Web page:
For the second time 4Aviation went to Mexico for the FAMEX open days at the main operating base Santa Lucia, just north of Mexico City. Although the results in 2017 were exceptionally good, only a small group of enthusiasts had booked for this trip, but it nevertheless took place. And it again was very successful with over 250 military and over 300 civil aircraft noted during the tour.
On the afternoon of Saturday 20 April, four guys gathered at Schiphol, one of them having just flown in from London. KLM presented us with an elegant grand lady, Boeing 747 Combi PH-BFI. Although it was a great plane to fly in, it was showing its age. With almost thirty years on the clock, the entertainment system needed several reboots to offer something of interest on the old screens; and the seats could also have been a bit softer too. however, it was a great journey that took us over Greenland, Canada and through central USA. It was wonderful to view Barksdale AFB from above, with almost 40 B-52’s on the ramp.
The approach to Mexico City was very interesting with fine evening views of the city and then. customs and collecting the luggage went very smoothly too. Collecting the cars took a little bit of time, but luckily our local guide was there to help us out. Then it was on to the hotel which was a short drive from the airport. As it was still a reasonable hour, we ventured into town and found a great historic restaurant where we enjoyed our first local meal and accompanying brew. Then it was time for a well-deserved nights rest.
This Sunday 21 April, we had planned for some local tourist attractions. This was very much appreciated in 2017 and this time was no different. We headed north to the ancient town of Teotihuacán, which was alive and kicking between 750 and 500bc. Now only impressive ruins remain which tell part of the story of the things happening at the time especially as 125,000 people lived there. Before visiting the ruins themselves, we were treated to an excellent breakfast which started with a tasting of five different kinds of tequila! Not the wisest thing to do on an empty stomach..… But we survived and went back to town in the afternoon.
Here our local guide showed us some of the many interesting features of Mexico City and ended with a meal in a restaurant that had a view of the main square in town, Plaza de la Constitucion. The only little downside of the day was the restaurant owner trying to rip us off with a huge bill. We noticed this immediately and offered to make the invoice for our meal for him, which he silently accepted, before we went on our way to the hotel.
Monday 22 April, was the first day for aircraft. On the drive to the city’s international airport, Benito Juárez, we drove past an old DC-9 and then onto the approach of runway 05R which was used for most of the arrivals all day. We found a great spot on top of the roof of one of the businesses along Fuerza Aérea Mexicana road. From ‘our’ roof we could see the aircraft approaching much earlier and had a much better angle for pictures of the aircraft, as well as a nice overview of the airport. The other benefit was that it was much quieter than standing next to this very busy highway. A very good start to the day.
A little after 11:00 we headed for the Air Force press centre to collect our press passes for FAMEX. This went smoothly and we were also able to make a few other arrangements with them. Then it was time to take a little tour along the airport perimeter to see what it had to offer. Close to the military entrance of the base, guarded by a DC-3, we drove past the heliport of the Direccion General de Servicios Aereos “Condores” SSP CDMX. We took a chance and asked at the gate for a visit. We could not have had a more welcome reception by the guys working on these immaculate looking helicopters and they showed us all the details of almost twenty machines. After that we worked our way to the ‘La Casa de la Aviacion’, a must-visit location for every enthusiast visiting this airport. It is located on top of the perimeter fence in the north-eastern corner of the airfield and offers great views across both runways and the northern taxi-track as well as cold drinks, a simple but delicious menu and a very hospitable host to complete the experience.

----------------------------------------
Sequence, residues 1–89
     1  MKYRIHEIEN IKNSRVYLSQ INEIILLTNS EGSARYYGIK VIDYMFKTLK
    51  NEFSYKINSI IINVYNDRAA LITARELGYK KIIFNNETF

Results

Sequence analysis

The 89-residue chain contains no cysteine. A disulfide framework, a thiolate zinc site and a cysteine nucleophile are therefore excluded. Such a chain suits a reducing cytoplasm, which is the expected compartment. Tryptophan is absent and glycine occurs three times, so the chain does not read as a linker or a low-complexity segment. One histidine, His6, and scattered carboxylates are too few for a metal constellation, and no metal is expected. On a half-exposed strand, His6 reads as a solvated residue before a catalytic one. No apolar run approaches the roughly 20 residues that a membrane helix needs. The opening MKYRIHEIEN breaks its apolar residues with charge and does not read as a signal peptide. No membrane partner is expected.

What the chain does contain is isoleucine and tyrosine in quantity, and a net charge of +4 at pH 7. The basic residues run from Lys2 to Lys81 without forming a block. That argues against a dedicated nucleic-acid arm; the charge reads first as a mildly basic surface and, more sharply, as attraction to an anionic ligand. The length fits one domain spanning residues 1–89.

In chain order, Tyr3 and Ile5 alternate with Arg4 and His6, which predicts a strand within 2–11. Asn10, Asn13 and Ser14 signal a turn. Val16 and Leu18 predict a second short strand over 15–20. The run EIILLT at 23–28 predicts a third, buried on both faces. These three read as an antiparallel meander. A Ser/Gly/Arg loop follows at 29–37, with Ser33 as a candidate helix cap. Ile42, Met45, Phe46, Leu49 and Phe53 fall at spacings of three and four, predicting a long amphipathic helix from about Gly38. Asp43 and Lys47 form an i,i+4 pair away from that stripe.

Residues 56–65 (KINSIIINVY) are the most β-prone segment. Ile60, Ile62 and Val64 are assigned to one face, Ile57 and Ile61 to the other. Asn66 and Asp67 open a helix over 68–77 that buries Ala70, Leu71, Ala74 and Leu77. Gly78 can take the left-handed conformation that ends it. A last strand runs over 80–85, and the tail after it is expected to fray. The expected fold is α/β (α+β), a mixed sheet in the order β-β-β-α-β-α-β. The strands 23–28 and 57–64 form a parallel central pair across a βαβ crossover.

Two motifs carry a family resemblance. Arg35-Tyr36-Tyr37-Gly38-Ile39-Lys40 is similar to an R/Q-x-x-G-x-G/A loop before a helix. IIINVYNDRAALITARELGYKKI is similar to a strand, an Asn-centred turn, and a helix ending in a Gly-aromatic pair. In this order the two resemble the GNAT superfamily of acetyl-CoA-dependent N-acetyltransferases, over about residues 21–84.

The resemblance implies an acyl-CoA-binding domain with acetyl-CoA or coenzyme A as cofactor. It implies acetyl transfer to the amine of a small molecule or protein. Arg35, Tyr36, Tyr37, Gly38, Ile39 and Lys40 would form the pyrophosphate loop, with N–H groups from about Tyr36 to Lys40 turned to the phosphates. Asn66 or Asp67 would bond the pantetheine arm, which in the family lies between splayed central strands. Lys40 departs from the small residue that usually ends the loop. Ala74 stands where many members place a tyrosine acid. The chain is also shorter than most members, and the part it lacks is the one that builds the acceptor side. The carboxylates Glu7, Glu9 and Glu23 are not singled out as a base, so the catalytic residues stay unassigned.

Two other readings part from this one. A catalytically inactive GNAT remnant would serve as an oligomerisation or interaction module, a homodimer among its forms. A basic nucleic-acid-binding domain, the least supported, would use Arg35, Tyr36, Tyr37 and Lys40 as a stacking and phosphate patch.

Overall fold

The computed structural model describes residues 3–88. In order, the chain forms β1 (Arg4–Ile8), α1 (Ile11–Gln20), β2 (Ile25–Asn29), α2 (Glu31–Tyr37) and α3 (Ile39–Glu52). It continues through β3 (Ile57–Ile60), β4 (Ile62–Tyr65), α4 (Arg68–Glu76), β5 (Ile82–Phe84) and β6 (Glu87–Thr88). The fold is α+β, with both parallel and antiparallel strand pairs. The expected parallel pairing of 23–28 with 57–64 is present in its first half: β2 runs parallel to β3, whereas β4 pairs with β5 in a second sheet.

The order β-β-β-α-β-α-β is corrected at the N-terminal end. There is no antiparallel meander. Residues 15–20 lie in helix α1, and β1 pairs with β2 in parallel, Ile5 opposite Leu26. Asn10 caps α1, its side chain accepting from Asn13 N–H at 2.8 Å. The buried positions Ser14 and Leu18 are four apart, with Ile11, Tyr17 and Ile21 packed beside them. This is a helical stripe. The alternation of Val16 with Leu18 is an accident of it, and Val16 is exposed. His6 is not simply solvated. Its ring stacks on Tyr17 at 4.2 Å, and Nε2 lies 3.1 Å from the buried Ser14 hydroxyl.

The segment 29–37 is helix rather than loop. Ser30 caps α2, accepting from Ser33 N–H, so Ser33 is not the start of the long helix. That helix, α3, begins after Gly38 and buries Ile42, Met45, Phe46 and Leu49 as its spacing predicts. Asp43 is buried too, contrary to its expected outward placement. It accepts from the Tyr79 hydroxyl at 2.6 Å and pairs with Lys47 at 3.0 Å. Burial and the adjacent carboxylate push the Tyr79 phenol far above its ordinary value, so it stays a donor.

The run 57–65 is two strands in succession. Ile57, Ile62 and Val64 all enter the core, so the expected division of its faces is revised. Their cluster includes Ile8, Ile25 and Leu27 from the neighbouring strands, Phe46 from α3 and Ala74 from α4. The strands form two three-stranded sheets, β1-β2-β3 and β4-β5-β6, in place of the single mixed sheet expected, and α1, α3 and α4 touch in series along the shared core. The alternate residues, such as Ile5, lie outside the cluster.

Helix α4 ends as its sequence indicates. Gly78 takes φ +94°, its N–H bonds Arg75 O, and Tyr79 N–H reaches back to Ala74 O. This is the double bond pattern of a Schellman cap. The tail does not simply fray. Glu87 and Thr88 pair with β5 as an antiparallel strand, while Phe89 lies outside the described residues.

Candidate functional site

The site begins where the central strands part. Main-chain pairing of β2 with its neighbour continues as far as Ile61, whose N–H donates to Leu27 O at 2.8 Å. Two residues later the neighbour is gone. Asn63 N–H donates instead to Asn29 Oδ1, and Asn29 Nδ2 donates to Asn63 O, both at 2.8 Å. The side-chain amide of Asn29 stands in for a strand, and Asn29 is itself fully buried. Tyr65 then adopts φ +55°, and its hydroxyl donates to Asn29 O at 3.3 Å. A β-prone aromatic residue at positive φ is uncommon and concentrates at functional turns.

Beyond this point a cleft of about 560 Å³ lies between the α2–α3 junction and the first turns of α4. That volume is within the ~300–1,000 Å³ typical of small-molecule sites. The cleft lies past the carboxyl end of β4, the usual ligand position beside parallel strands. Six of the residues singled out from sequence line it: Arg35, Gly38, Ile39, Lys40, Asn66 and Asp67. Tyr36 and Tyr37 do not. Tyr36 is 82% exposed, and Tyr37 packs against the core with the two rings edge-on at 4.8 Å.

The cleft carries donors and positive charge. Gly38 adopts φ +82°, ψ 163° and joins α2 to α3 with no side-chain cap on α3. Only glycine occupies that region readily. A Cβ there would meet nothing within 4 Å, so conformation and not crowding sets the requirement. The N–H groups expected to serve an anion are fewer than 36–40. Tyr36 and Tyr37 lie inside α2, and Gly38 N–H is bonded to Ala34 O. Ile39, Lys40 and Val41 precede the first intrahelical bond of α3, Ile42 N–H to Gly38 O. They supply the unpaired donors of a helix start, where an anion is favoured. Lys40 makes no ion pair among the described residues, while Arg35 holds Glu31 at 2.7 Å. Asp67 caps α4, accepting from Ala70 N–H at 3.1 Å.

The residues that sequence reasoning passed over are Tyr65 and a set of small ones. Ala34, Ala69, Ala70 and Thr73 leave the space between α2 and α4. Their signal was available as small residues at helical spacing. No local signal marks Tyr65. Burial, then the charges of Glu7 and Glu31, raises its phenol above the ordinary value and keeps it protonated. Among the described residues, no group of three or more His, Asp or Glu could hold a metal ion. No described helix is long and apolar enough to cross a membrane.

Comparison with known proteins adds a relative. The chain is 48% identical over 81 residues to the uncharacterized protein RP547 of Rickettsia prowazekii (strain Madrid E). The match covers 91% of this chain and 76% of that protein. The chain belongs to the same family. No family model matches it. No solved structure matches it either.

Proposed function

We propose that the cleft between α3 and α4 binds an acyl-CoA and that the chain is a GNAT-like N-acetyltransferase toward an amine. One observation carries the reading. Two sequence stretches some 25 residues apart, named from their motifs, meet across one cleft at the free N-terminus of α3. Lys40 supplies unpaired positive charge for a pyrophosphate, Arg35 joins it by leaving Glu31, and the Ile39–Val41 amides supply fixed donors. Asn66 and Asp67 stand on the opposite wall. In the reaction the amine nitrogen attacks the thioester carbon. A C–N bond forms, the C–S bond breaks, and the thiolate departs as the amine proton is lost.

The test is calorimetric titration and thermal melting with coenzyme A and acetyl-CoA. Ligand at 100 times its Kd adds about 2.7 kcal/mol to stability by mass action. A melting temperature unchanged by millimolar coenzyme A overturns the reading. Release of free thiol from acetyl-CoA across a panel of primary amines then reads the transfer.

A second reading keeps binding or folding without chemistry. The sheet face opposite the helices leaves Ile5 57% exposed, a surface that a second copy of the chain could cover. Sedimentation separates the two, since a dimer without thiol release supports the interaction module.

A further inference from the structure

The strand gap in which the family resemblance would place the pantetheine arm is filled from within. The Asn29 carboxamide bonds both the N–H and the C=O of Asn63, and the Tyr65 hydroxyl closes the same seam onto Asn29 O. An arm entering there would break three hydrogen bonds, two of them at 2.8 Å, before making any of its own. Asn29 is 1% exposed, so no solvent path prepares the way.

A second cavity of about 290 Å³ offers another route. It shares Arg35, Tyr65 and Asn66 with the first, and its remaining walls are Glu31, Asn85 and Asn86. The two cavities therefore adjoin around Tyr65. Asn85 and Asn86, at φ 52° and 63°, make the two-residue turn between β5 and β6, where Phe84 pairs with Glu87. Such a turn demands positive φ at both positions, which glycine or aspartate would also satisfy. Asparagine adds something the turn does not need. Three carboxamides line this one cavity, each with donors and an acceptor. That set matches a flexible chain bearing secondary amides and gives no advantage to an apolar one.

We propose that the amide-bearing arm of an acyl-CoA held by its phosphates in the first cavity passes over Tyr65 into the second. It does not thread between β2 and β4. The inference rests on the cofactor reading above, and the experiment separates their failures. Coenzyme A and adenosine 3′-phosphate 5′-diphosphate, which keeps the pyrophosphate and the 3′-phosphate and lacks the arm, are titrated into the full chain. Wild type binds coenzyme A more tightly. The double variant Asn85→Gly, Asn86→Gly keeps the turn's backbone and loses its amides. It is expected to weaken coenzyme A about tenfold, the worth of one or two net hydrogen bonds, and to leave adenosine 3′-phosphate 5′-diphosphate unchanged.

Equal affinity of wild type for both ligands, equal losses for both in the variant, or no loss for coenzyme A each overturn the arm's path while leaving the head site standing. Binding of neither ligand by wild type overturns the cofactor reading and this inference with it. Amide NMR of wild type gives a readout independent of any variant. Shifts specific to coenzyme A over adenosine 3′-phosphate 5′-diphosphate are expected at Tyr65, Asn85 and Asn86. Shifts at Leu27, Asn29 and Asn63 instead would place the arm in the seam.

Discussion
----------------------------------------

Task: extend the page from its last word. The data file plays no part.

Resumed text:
Most of the traffic you see is of course civil airliners, but the occasional military aircraft can be seen too. We noted an Air Force Beech 350i, Bell 407, two B737’s, a sole C295M and an H225M as well as a Marina H225M and US Army UC-35A. With civil and military combined we had non-stop action until we wanted to leave around 18:30. However, the weather had other ideas as all hell broke loose in the sky. A big thunderstorm went directly over the airfield with lots of lightning flashes and torrential rain. When this had settled down a bit we drove to the hotel for the final small meal and drink of the day.
Tuesday 23 April, today it was time to check out of the hotel in the centre of Mexico City. The next few days were to be spent in a hotel closer to Santa Lucia air base in order to reduce the daily commute time and we left early in order to not miss a lot of the preparations for FAMEX. On Monday we talked to some officials to arrange an escort to take us around the base. From experience we knew there was much more to see than the aircraft on the static display line and were lucky enough to be assigned a young airman. After a leisurely walk around the show static, we set off for a long walk along several of the flight lines at this huge base. We first went to the Boeing 737 flightline, followed by the one with fourteen T-6C’s and several MD530s, Bell 407s and a duo of Beech 350s. Next up was the heavy metal with four C-27Js and three C-130s of which only two were currently operational. A line of eight PC-7s was next, followed by a mixed flightline of Beech 350s, C295s, Ce501s.
In the distance we could see several Bell 412s, Mi-17s and two UH-60s. These we would save for the next day so we enjoyed a well-deserved lunch break at the little cafeteria next to flightline before our long walk back to the static. As the base was also filled with lots of wrecks & relics, we took these in our journey home.
Wednesday 24 April was the official opening of FAMEX with the attendance of President Andrés Manuel López Obrador, who arrived by car. We did a brief tour of the static which showed some interesting additions and movements as the light in the morning was perfect; the sun around midday being too harsh. The USAF A-10 did its daily excellent demonstration with the performance being just a bit lower and closer to the public than it is in the USA. Together with the clear sky and lovely weather it was quite spectacular. After this, half a dozen local T-6Cs took to the sky for a single dedication/banana-pass with lots of smoke.